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Oleksandr Borodai

Russian politician and statesman, terrorist, journalist, political scientist. Member of the State Duma of the Russian Federation, member of the United Russia party. Former Prime Minister of the DPR terrorist organisation.



Born in Moscow in the family of Eurasian philosopher Yuri Boroday (1934-2006). His sister is a specialist in ancient and medieval philosophy, Tatiana Borodai.

He took part in the events of September-October 1993 in Moscow on the side of the Supreme Soviet of the RSFSR, which opposed President Boris Yeltsin, as part of one of the combat groups, where, according to him, he was "not the most important, but not the most ordinary".

In 1994, he graduated from the Faculty of Philosophy at Lomonosov Moscow State University and later completed his postgraduate studies, where he specialised in social philosophy, dealing with ethnic conflicts and elite theory.

From December 1993 to June 1994, he worked as an expert at the Russian Reform Foundation. From June 1994, working as a military correspondent for RIA Novosti, he covered the first Chechen war and made television reports for NTV and ORT. In 1997, he became a military columnist for the Zavtra newspaper, contributing conceptual articles to publications that professed Eurasianism.

From March to November 1998, he was an advisor on media investments to Gennady Gafarov, chairman of the Russian Business Roundtable, and since June 1998 he has worked mainly as an independent PR consultant. He has participated in more than ten election campaigns of various levels.

In August 1999, special correspondents of the Zavtra newspaper Oleksandr  Boroday and Igor Strelkov, together with special forces of the Ministry of Internal Affairs, travelled to the Kadar zone in Dagestan to visit several villages inhabited by Wahhabis. Boroday has been a regular contributor to this publication since 1996. The topics of his materials include interethnic relations in the countries of the former USSR, the army, the situation in Chechnya and the North Caucasus.

In 2001-2002, he was deputy editor-in-chief of the Russian Entrepreneur magazine.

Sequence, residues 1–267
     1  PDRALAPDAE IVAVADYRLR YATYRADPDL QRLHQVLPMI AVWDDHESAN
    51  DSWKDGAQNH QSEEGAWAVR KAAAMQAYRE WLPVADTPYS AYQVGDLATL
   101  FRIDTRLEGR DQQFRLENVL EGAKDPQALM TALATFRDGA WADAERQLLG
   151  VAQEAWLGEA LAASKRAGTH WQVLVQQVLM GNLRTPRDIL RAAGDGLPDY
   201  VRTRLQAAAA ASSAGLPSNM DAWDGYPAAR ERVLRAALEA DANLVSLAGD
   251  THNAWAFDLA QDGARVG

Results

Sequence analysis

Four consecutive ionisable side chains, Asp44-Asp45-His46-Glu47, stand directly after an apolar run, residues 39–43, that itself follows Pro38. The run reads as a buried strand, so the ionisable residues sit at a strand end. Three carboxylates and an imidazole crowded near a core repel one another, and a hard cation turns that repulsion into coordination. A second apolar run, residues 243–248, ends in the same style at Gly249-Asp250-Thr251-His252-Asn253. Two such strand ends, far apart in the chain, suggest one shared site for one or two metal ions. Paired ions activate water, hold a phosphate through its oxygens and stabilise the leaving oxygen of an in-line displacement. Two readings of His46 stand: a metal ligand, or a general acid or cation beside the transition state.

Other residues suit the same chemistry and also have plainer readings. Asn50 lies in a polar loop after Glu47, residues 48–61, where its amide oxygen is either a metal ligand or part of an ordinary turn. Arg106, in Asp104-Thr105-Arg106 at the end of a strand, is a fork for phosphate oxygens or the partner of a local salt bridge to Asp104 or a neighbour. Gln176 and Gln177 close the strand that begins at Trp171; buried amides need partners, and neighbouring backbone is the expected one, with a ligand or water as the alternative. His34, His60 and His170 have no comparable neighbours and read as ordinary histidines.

Since April 2001, he has been a co-founder and CEO of Sociomaster, a company specialising in crisis consulting.

In 2021, he ran in the Duma elections for Putin's United Russia party.

Russian-Ukrainian war

In May 2014, he became the first "prime minister" of the DPR terrorist group.

From 8 August 2014 to 20 October 2014, he was an adviser and deputy to the so-called "DPR Council of Ministers" and Oleksandr  Zakharchenko.

In 2019, he assessed Russia's role as follows:

"We are all indebted to Russian President Putin. We are volunteers who came in 2014. We owe him such a small thing as our lives. Everyone who came in the first half of 2014 remembers the situation in the second half of July 2014. If it were not for his policies, decisions and actions, we would not exist. Just as there would be no Russian Donbas: Donetsk and Luhansk People's Republics.
- Oleksandr Borodai, 2019

Since 2014, he has been wanted by the Ministry of Internal Affairs of Ukraine.


Connection with the FSB

On 25 July 2002, the Russian news agency APN reported that Oleksandr  Borodai, an FSB major general, had been appointed deputy director of the FSB for information policy and special projects. He will be responsible for "organising the most sensitive FSB operations in the political field". The source of information about the appointment was an unnamed source in the Russian presidential administration. The newspaper reported that 35-year-old Oleksandr  Boroday is a certified philosopher, a graduate of the Moscow State University's Faculty of Philosophy, who previously worked for Oleksandr  Prokhanov's Zavtra newspaper.

On 30 July 2002 the Russian newspaper The Moscow Times published a "refutation" by Borodai of his appointment to the FSB. The report stated that in a telephone conversation Boroday had said that his appointment to the FSB was a complete lie and explained it as a joke arranged to mark his 30th birthday, and called the APN publication sensationalist.


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